It was the
week before my best friend’s wedding, and my anxiety (nerves, plus
excitement) had reached epic levels. I wasn’t sleeping, to say the
least. Part of that had to do with the maid of honor speech I would be
giving. I was terrified and could not shut my brain off to fall asleep
day three of lying awake until the wee hours of the night, I sheepishly
admitted to her that I was too nervous to fall asleep, and she—the
bride, who was sleeping like a baby the week before her own wedding—told
me I needed to try the “4-7-8” breathing trick.
to be a licensed wellness practitioner who studies meditation, stress,
and breathing techniques, and told me it would change my life. You
simply breathe in through your nose for four seconds, hold your breath
for seven seconds, and exhale through your mouth for eight seconds. She
explained that the studied combination of numbers has a chemical-like
effect on our brains, and would slow my heart rate and soothe me right
to sleep that night. “It works,” she told me. “It’s crazy.”
How it Works
wait to put the trick to the test, and to my complete disbelief, I woke
up the next morning unable to even remember getting to the eighth second
of the exhale because it knocked me out that fast. For the next four
nights leading up to the big day, even as my stress increased, I was
able to fall asleep the minute I tried the 4-7-8 trick. I also used it
to relax in the moments leading up to the speech.
feel stressed or anxious, adrenaline courses through your veins, your
heart beats at a rapid rate, and your breathing becomes quick and
shallow. So before I get into the specifics behind how the 4-7-8
breathing trick works, I wanted to explain in my own words what it feels
like when you try it. To me, the effect of the breathing technique
feels almost like a sedative drug, because in order to hold your breath
for seven seconds and then to exhale for eight—when your breath is so
shallow and short—your body is forced to
slow your heart rate. It has no choice. Holding your breath, and then
slowly, deliberately exhaling for eight seconds, causes a chain
reaction. It feels like going from a mad-dash sprint to a finish line to
a slow, leisurely, calming stroll through the park.
first start, you’ll be desperate to just take in another breath, or
you’ll want to speed up your counting, but if you stick to the numbers
(or at least try to), and don’t take any breaks (in other words,
consecutively repeat the 4-7-8 without resuming regular breathing), you
can literally feel your heart
rate slow down, your mind get quieter, and your whole body physically
relax. It washes over you like a calming, relaxing drug. I can never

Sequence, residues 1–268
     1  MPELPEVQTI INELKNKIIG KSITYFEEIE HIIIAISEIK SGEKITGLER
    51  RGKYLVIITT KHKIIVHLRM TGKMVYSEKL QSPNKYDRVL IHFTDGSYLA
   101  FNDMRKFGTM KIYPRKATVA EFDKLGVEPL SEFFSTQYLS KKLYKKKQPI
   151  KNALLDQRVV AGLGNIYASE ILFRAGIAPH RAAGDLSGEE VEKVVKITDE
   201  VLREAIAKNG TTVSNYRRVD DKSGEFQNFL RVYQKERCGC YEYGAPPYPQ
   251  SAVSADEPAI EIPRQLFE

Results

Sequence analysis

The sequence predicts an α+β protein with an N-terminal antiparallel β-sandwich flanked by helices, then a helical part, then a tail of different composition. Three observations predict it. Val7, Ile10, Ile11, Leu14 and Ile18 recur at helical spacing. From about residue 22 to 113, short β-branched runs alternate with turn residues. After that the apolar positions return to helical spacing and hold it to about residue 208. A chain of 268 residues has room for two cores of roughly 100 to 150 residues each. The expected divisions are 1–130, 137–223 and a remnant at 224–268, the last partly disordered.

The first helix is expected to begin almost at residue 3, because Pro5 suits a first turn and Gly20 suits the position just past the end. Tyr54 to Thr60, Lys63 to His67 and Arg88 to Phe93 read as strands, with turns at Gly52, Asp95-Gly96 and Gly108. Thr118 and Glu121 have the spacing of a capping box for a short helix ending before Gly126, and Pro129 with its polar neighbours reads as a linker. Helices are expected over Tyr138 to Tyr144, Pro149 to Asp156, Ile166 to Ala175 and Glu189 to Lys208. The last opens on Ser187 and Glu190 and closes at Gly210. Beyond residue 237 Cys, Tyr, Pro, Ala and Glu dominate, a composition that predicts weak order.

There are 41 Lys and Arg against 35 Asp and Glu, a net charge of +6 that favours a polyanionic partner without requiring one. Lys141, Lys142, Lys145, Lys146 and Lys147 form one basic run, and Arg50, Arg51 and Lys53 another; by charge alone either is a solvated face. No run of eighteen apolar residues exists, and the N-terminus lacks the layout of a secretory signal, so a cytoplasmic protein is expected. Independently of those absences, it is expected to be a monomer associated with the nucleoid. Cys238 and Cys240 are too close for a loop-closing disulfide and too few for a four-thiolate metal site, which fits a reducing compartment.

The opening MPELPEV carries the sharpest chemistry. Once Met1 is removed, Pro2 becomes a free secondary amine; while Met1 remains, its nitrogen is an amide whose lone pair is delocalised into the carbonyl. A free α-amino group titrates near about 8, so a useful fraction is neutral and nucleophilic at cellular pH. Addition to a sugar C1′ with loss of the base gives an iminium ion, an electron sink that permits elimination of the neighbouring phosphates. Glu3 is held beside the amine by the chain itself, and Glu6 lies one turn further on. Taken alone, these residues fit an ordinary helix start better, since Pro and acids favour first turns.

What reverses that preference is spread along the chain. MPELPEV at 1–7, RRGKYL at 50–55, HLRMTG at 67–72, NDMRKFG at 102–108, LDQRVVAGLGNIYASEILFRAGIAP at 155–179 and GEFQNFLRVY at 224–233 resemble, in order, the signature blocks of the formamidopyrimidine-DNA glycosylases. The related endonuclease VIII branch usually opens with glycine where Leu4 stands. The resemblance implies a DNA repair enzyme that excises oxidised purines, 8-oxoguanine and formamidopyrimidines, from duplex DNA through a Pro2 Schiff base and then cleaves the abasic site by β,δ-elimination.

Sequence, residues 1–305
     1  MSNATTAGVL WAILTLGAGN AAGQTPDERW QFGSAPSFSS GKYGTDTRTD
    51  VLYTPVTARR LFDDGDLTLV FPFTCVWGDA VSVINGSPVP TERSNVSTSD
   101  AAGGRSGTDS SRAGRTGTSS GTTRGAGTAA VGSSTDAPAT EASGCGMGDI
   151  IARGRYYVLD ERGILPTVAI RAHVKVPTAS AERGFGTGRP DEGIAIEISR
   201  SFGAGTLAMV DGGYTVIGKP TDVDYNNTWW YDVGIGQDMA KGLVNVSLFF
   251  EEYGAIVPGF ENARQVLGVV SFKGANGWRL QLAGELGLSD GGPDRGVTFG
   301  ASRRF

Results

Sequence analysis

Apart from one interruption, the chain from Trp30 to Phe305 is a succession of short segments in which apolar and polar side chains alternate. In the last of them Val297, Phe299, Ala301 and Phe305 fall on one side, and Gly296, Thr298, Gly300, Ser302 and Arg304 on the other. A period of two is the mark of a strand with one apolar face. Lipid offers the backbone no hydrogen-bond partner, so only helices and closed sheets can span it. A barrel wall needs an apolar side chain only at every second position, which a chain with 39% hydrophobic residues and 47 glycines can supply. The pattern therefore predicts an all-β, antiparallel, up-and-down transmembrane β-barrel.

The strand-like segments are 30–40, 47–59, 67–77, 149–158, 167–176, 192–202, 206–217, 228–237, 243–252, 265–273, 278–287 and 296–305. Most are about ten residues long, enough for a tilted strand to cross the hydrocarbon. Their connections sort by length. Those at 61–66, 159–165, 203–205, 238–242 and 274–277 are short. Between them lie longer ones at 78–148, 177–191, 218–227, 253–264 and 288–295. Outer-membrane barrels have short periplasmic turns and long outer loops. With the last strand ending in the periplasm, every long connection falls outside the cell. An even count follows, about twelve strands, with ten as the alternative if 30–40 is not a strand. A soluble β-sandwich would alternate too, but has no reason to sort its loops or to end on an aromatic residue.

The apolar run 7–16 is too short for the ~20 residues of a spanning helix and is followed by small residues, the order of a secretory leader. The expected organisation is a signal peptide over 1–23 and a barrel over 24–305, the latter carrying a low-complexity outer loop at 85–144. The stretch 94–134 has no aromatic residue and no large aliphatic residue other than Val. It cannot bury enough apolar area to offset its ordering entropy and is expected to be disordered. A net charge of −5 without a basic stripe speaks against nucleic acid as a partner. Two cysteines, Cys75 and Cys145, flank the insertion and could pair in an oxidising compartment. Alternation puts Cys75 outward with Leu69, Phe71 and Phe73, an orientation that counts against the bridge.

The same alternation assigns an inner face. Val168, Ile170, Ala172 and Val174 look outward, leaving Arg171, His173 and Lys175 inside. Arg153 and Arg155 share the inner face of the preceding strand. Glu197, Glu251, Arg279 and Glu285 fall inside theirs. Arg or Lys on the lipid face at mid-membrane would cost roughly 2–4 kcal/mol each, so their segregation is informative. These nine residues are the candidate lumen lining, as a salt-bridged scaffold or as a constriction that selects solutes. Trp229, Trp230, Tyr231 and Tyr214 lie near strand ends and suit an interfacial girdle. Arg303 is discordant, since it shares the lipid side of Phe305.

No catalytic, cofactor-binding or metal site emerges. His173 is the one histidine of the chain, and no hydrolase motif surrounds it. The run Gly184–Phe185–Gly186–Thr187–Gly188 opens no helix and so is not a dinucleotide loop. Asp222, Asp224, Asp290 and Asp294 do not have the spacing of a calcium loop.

remember getting past the first set of 4-7-8.
Do you know
the feeling of being put under by anesthesia, where you are conscious,
and the next thing you remember is waking up? That’s what this is like
for me: As soon as I start the practice, the next thing I remember, I’m
waking up in the morning and can’t even remember beginning the 4-7-8
count the night before. Crazy.
Now to the more technical details: People who are stressed or anxious are actually chronically under-breathing,
because stressed people breathe shortly and shallowly, and often even
unconsciously hold their breath. By extending your inhale to a count of
four, you are forcing yourself to take in more oxygen, allowing the
oxygen to affect your bloodstream by holding your breath for seven
seconds, and then emitting carbon dioxide from your lungs by exhaling
steadily for eight seconds. The technique will effectively slow your
heart rate and increase oxygen in your bloodstream, and may even make
you feel slightly lightheaded which contributes to the mild
sedative-like effect. It will instantly relax your heart, mind, and
overall central nervous system because you are controlling the breath
versus continuing to breathe short, shallow gasps of air.
How it Can Work For You
breathing practices have been a part of yoga and Eastern wellness
modalities for centuries, but aren’t as popular in Western culture. The
most well-known champion of the 4-7-8 breathing technique in the U.S.,
who is somewhat responsible for the prevalence that the technique does
have amongst integrative medicine practitioners, yogis, and those in
search of stress reduction and overall relaxation, is Harvard-educated Dr. Andrew Weil.
not promising or claiming (nor does Dr. Weil) that practicing this
breathing technique can fight disease or provide clinical benefits, I
can tell you one thing: If it affects you like it did me, it will help
you fall asleep way faster. Not
only is it free, it also works for a number of different instances. In
addition to using it to fall asleep in a pinch, you can practice it if
you wake up in the middle of the night and find yourself thinking about
something you have to do the next day, in order to fall back asleep;
if you are nervous before an event (like a wedding, or giving a
speech); if you are angry about something and want to calm down. My
friend (the bride-to-be who slept like a baby the week before her
wedding), who gets nervous to fly, uses it before flights and during if
the plane encounters turbulence.
It is now what I use to fall asleep every single night, and each morning, I’m amazed at how well it worked.
Check out Dr. Weil’s site if you are interested in further reading, and tell me what you think about this trick in the comments below.